Feeback comes up constantly in my work. Many people struggle to give it – fearing those “tough conversations”. Others hate receiving it – almost hearing it as criticism of them as individuals. The questions for me are:

  • How might we reset this relationship?
  • How might we think differently about feedback?

Giving Feedback

There are a couple of key points to consider when giving feedback:

  • What is my intention? If you have a clear message you want to communicate just focus on that. Giving too much information or having multiple intentions will likely lead to confusion. But also be honest with yourself:
    • Why am I giving this feedback?
    • What outcome do I want to achieve?
    • What do I want the other person to hear?
  • What are the other person’s concerns? We cannot get inside other people’s heads and yet, if we have any sort of relationship, we likely have some sense for how they see the world.
    • Are they concerned about getting fired?
    • About not getting the next promotion?
    • About being seen in a bad light?
    • About being treated unfairly?
    • What might trigger their defensiveness?
    • How might we defuse that?
  • Do I ask for feedback? Giving feedback and not asking for any can lead to a power imbalance. I have certainly seen leaders defuse potentially tricky situations by simply asking for feedback from their team members – How can I support you better? Most leaders also love when their team members ask for positive feedback – How can I contribute more?
  • How am I delivering this feedback? Context is everything in human affairs. Feedback is not just about the words spoken but also about the intentions behind them and the perceptions they create. It is therefore worth giving some thought to how you give the feedback – tone used – language used – on the far side of a big desk – alongside a colleague as you go for a walk – over a coffee in a canteen. Informal is not necessarily “better”, but it is different and is worth considering if you feel it will increase the chances of the message landing.

And that ultimately is the objective: to have an open conversation that increases the chances of the message being received. Triggering defensiveness will simply increase the chances of some other message being heard.

Receiving Feedback

It can be challenging to dismiss emotions such as fear or unfairness. It can be much more effective to simply replace them with other feelings – in this instance deep gratitude for the gift you are receiving.

  • If you do feel defensive, that is wonderful information – become curious, why am I feeling defensive?
    • How do I feel threatened?
    • By the person? What they are saying? How they are saying it?
    • Because it reminds me of other feedback I received?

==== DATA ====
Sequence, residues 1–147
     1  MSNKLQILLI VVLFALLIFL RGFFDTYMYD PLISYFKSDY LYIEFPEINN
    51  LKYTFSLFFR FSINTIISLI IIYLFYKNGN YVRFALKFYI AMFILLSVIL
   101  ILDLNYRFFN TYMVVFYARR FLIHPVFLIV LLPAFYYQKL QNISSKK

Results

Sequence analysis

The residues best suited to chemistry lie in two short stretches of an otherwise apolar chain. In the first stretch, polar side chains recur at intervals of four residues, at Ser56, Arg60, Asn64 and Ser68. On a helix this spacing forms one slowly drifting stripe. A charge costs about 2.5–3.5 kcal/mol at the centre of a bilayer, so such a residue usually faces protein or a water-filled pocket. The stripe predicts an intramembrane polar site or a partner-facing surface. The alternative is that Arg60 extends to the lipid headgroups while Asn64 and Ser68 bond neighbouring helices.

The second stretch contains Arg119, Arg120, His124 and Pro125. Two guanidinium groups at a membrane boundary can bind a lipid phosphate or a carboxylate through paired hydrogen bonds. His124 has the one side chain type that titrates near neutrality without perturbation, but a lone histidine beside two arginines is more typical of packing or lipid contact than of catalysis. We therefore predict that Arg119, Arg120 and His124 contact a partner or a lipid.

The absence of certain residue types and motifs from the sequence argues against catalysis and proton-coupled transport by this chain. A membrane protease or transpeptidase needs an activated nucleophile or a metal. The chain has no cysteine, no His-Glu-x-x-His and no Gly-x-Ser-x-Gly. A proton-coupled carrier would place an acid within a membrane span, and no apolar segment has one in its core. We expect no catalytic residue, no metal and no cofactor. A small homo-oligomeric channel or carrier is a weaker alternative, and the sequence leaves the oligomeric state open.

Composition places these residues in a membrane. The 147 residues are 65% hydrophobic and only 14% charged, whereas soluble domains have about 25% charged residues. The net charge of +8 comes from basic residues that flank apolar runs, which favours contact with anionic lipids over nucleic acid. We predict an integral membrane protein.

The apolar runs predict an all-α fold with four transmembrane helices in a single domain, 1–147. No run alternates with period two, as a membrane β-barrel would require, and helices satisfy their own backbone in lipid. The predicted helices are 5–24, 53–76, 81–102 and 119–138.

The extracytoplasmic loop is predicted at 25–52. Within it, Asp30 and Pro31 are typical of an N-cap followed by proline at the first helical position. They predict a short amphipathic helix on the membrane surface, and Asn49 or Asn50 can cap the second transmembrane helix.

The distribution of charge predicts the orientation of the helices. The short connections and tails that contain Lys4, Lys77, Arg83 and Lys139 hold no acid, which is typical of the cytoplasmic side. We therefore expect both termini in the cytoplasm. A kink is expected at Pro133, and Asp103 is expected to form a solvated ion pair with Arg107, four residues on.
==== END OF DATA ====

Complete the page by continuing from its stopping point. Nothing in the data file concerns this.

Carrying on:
• Remember this is one person’s view. It is inevitably coloured by how they see the world and may be as much, or more, about themselves as it is about you or your organisation. The invitation is thus not to assume it represents some deep truth and instead see it neutrally as information.
    • What must be true for them for this feedback to “make sense”?
    • Is there anything in the feedback you know in your soul to be true?
    • What insights does it offer?
    • What might you do with these insights?

Questions in the Image:

  • What is my relationship with feedback?
  • How might I reset this relationship?
  • How might I think differently about feedback?

Want to Read More Around This Topic?

Thanks for the Feedback: The Science and Art of Receiving Feedback Well by Douglas Stone and Sheila Heen (link to Amazon.co.uk). The authors delve deep into the challenge of receiving feedback, even when it may feel off base, unfair, poorly delivered or even harsh. The authors discuss the importance of understanding one’s reactions to feedback and how to manage those reactions. It provides actionable strategies for extracting valuable insights from any feedback.

Nurturing Curiosity – Daily Practice: This is part of the Nurturing Curiosity series of tools, insights and questions designed to help nurture curiosity as part of our daily practice. In point of fact, every interaction we have is an opportunity to question what we are observing and how we and others are seeing the world. Also remember that questions come in many forms throughout our day. An aching body after a workout prompts the question: Did I push myself too hard today? And equally, am I pushing myself hard enough on other days?

What Thoughts Would You Like to Share? My name is Tom O’Leary, and I envision a world in which curiosity shapes leadership. In this world, leaders aren’t boxed in by traditional thinking or established playbooks. They are open to fresh ideas and diverse perspectives, fostering a culture of exploration and learning. My mission is to shift leadership focus from authority, over-measurement and control to curiosity, learning and innovation, empowering leaders to prioritise the essential. My journey, lived in a number of countries and through various languages, has always been driven by a profound sense of curiosity. In fact, life has taught me that possibility lies not so much in seeking answers but in learning to ask better questions – the ones that help prioritise what is truly essential. I welcome your thoughts, feedback, or personal experiences related to these questions or any insights they may have sparked.